In 1735, in the Swiss watchmaking village of Villeret, a schoolteacher named Jehan-Jacques Blancpain built a small watchmaking studio on the second floor of his farmhouse. Nearly three centuries later, his farmhouse studio has become the world’s oldest outfit of its kind, crafting hundreds of elegant, finely tuned timepieces. But the company’s new Villeret watch echoes the simplicity of the Swiss village for which it’s named. Just shy of a diameter of an Oreo and half as thick, the streamlined timepiece has a black alligator strap and a power reserve of 72 hours (meaning that it can sit on your bedside stand for three days—the watch automatically winds as your arm moves). And no, it won’t tweet for you or measure your heart rate, but the new timepiece indicates the date and day, a precise reminder to stay in the present. Villeret watch, $10,900. blancpain.com
    Photo by Amanda Ringstad
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    The Ultimate Bear for the Design Aware
    There’s probably some Maharam hiding in your home, even if you’ve never heard the name. The New York City–based textile behemoth makes high-quality materials that are used in everything from sofa cushions to Nike sneakers. To celebrate its new leather collection, the first in the company’s 115-year history, Maharam partnered with the architectural and design magazine PIN-UP to create a line of teddy bears. Made from loam—cowhide that’s rubbed until it looks matte and feels like velvet—the bears aren’t for the kid in your life but rather for the design-minded grown-up who’s young at heart. Bears available in five different shades (terra-cotta shown here), $385. maharam.com
    Photo by Amanda Ringstad
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    The Best Reason to Leave Your Smartphone at Home
    Leica cameras, handcrafted in Wetzlar, Germany, allow obsessive photographers nearly complete control and produce rich, apple-crisp images, but they’re also known to be wildly expensive and not very user friendly. Which is why the new Leica TL2, an all-touch-screen camera, hits a sweet spot. Carved from a single block of aluminum, the camera fits most hands, and there’s not a single button on the back, just an LCD screen roughly the same size as the one on an iPhone 6. Like a phone, the TL2 is chargeable via USB and outfitted with Wi-Fi so you can quickly share images. But the images (and HD video) you can capture with the 24-megapixel camera are far superior to those from any phone—and the price point makes it worth a shot. Leica TL2 camera, $1,950; 18-56mm lens, $1,650. leicacamerausa.com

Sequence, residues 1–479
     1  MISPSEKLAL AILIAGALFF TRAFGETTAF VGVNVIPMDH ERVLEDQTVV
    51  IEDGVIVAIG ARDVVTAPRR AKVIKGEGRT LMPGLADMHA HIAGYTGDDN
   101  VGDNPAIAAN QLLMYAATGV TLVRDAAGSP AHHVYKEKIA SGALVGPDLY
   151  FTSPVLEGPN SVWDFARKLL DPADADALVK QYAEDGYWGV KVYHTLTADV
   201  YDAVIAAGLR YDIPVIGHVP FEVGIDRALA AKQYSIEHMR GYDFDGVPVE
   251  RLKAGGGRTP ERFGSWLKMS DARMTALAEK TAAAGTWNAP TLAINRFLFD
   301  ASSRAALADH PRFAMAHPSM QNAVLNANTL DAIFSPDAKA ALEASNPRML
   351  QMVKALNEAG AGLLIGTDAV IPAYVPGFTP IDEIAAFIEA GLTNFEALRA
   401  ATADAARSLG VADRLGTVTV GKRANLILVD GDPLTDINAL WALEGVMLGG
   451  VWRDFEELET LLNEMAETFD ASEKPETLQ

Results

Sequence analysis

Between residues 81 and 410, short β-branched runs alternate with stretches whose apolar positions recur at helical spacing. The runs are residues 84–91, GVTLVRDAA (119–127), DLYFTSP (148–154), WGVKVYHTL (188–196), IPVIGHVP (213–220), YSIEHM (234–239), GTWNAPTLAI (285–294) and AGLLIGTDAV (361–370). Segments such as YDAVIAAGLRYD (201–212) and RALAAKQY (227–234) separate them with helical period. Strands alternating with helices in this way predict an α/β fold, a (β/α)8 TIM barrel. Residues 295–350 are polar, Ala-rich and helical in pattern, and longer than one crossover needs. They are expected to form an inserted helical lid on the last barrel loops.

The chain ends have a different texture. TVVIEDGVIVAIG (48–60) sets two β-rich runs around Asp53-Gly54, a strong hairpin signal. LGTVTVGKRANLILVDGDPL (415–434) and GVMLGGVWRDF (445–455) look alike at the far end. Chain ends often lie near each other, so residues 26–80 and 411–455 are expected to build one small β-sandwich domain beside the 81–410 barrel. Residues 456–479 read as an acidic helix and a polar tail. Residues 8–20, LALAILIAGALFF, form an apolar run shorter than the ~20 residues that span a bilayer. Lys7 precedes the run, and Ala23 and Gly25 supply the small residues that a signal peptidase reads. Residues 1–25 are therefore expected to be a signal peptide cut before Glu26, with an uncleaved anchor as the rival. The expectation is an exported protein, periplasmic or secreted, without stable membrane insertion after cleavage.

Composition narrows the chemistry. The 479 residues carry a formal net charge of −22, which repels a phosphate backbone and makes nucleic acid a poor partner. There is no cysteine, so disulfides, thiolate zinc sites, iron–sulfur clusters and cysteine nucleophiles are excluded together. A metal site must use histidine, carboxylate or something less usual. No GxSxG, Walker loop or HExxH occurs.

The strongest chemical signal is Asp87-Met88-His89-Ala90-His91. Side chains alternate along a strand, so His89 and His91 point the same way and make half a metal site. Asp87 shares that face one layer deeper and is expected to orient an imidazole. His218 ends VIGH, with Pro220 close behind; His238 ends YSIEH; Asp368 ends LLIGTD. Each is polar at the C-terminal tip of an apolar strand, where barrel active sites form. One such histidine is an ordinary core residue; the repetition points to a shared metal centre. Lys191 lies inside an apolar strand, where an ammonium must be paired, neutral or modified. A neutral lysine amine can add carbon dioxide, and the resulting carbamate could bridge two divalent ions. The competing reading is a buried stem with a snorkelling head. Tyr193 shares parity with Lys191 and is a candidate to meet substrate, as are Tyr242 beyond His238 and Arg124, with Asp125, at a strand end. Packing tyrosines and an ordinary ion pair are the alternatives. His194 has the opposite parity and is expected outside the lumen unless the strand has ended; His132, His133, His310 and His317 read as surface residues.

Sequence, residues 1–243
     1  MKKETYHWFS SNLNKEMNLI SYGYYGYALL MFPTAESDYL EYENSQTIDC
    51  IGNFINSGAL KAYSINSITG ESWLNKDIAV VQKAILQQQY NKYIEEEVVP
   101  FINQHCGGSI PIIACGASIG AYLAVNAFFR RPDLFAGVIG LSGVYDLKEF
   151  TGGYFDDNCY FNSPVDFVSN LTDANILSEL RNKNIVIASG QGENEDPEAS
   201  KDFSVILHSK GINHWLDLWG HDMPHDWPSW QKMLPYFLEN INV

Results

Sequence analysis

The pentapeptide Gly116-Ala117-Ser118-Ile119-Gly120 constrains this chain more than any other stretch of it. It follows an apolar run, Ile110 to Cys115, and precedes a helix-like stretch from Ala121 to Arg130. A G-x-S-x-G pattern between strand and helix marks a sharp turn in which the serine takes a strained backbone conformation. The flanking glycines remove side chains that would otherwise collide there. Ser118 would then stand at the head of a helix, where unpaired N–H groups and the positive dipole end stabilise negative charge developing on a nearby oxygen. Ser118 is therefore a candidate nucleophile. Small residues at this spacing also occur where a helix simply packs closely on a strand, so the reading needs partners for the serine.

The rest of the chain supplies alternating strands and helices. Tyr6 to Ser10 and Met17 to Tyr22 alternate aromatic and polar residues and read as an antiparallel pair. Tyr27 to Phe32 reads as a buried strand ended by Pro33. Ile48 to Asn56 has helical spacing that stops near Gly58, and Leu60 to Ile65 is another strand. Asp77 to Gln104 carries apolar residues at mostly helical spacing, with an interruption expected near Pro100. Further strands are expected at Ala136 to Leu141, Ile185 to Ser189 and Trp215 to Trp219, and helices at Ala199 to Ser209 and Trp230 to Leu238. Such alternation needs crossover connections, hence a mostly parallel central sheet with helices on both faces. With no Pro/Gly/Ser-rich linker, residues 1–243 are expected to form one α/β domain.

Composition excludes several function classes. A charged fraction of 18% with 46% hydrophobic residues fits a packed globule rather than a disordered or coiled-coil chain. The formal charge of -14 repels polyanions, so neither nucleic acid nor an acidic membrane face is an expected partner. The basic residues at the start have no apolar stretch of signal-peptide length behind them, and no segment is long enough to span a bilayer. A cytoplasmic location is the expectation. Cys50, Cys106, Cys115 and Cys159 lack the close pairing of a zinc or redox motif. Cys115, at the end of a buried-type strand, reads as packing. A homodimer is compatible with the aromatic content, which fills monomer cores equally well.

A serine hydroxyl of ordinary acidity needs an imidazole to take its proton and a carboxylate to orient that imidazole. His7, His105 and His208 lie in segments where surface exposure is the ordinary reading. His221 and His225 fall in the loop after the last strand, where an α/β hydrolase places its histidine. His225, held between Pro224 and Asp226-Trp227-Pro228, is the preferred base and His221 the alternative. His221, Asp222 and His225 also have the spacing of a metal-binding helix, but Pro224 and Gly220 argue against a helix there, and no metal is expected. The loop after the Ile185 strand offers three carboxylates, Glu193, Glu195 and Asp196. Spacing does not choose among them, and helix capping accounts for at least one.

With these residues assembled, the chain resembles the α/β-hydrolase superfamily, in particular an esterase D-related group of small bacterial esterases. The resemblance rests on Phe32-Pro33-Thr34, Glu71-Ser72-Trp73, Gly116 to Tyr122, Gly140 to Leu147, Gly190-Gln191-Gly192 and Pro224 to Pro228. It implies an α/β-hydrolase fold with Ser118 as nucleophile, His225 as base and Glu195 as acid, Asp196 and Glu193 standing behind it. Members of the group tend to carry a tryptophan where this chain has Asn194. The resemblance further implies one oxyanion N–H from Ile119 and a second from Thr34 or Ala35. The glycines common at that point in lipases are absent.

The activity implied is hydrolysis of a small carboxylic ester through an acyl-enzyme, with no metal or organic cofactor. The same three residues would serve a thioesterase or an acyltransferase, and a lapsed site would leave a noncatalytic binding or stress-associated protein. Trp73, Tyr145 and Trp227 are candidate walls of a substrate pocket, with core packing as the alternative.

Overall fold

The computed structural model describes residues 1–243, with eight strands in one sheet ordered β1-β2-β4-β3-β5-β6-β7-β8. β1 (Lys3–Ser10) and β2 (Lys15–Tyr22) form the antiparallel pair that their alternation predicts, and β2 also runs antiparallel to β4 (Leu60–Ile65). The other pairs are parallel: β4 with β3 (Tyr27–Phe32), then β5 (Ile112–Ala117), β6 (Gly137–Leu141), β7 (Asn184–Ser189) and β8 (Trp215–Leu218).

Photo by Amanda Ringstad
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    The Travel Game Fit for a Queen
    Frank Smythson, creator of the eponymous British accessories brand, loved three things: travel, innovation, and craftsmanship. In 1887, he combined his passions in a shop on London’s Bond Street, where he sold leather travel bags, elegant stationery, and whimsical silver pieces. His wares soon caught the eye of the Royal Household—it ordered stationery for all of the royal residences, including Buckingham Palace and Windsor Castle—and the brand has maintained imperial ties ever since. Smythson created private stationery with a personal cypher for Princess Diana and is believed to maintain ties to the royal family. This year, the company adds a set of travel dominoes handcrafted from resin, with the pips (black dots) painted by hand, and a brass pin (known as a spinner) at the center of each domino, in a nod to tradition. Once zipped into the slim, wallet-size leather case, the 28-tile set takes up minimal space when tucked into a suitcase. We’re sure Frank Smythson—and the queen—would approve. Mara travel dominoes, $775. smythson.com
    Photo by Amanda Ringstad
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    The Clock That’s More Than Just a Pretty Face
    Playful, affordable, and stripped-down but functional, this clock from the Danish interior company Normann Copenhagen perfectly captures the Scandinavian design ethos. Its creator, Sweden-based designer Jonas Wagell, drew on his years in graphic design and his obsession with typography. The clock’s name, Bold, is a reference to bold type that stands out on the page. The steel clock is powder-coated with matte blue paint; its hour and minute hands are painted pastel for a pop of color—an eye-catching way to follow the march of time. Bold Wall Clock in petrol, $75. aplusrstore.com
    Photo by Amanda Ringstad
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    The Best New Way to Get Lit
    From his perch in the Jing’an neighborhood in Shanghai, Paris-born designer Thomas Dariel dreams up ideas for some of China’s best restaurants and clubs. You’d have to go there to see, say, Lady Bund, a fusion restaurant with chandeliers that look like cracked eggshells, created in 2014 by his interior design firm, Dariel Studio. But with the click of a mouse you can deliver an artifact of his East-meets-West style to the design-loving traveler on your list. For his new blue candleholders, made of laminated metal and nearly two feet in height, Dariel drew partial inspiration from the Memphis Group, the Milan-based design organization credited with launching the wacky, Crayola-hued look of the 1980s. Blue candleholders, $755. cappellini.it
    Photo by Amanda Ringstad
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    What’s Next . . .
    Courtesy of Yayoi Kusama. Photo by Tomoaki Makino